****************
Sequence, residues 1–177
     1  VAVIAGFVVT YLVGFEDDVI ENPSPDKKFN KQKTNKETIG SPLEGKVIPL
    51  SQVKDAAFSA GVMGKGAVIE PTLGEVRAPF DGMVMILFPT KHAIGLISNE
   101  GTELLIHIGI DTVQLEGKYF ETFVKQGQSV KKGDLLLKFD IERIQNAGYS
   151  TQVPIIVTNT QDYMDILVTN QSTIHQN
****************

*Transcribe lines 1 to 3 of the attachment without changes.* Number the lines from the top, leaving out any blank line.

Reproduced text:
Sequence, residues 1–177
     1  VAVIAGFVVT YLVGFEDDVI ENPSPDKKFN KQKTNKETIG SPLEGKVIPL
    51  SQVKDAAFSA GVMGKGAVIE PTLGEVRAPF DGMVMILFPT KHAIGLISNE